With a Twist

Brigitte Bardot, wearing her signature mussed chignon in Goddard's "Contempt," 1963.

The glorious 18th century hairstyle called the ‘pouf‘ and the radical, sleek bob of the 1920s are both covered Encyclopedia of the Exquisite, but not the simple, chic chignon. Since the 5th century, when noble women of Greece adopted the style, it’s been the standard of demure propriety. It was the hairstyle of choice in 17th England, when modesty demanded a woman keep her hair pinned up, and when unloosening her tresses in public was interpreted as either a risque misstep at best, and, at worst, evidence that she was a witch casting a spell.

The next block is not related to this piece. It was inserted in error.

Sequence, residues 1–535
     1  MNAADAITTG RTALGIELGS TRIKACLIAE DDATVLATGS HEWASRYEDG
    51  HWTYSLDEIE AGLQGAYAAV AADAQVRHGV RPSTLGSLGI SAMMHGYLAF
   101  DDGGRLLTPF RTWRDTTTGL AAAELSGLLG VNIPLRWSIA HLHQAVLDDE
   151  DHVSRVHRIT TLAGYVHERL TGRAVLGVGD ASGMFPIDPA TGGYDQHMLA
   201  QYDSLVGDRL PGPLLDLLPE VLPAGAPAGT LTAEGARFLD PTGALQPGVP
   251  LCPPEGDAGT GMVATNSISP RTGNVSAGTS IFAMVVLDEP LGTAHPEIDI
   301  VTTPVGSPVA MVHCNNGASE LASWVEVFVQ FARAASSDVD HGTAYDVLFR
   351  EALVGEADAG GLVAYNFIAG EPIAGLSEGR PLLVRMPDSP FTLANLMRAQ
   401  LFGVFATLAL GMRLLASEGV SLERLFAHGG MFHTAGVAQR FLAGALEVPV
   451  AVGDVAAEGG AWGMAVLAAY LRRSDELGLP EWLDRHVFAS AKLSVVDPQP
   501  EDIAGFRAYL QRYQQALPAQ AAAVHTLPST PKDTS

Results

In the 19th century, chignons were worn large and high, boosted with padding and artificial hair, or low on the neck, with curls hanging down, and decorated with netting, lace, or flowers. In the next century, the famous French hairdresser Jacques Dessange sparked a sexy revival with Brigitte Bardot‘s signature mussed chignon, called the coucroute.

Below, an instructional video, which I pulled from among of the thousands, on the most simple chignon, the French Twist.
I’m rummaging the drawers for bobby pins.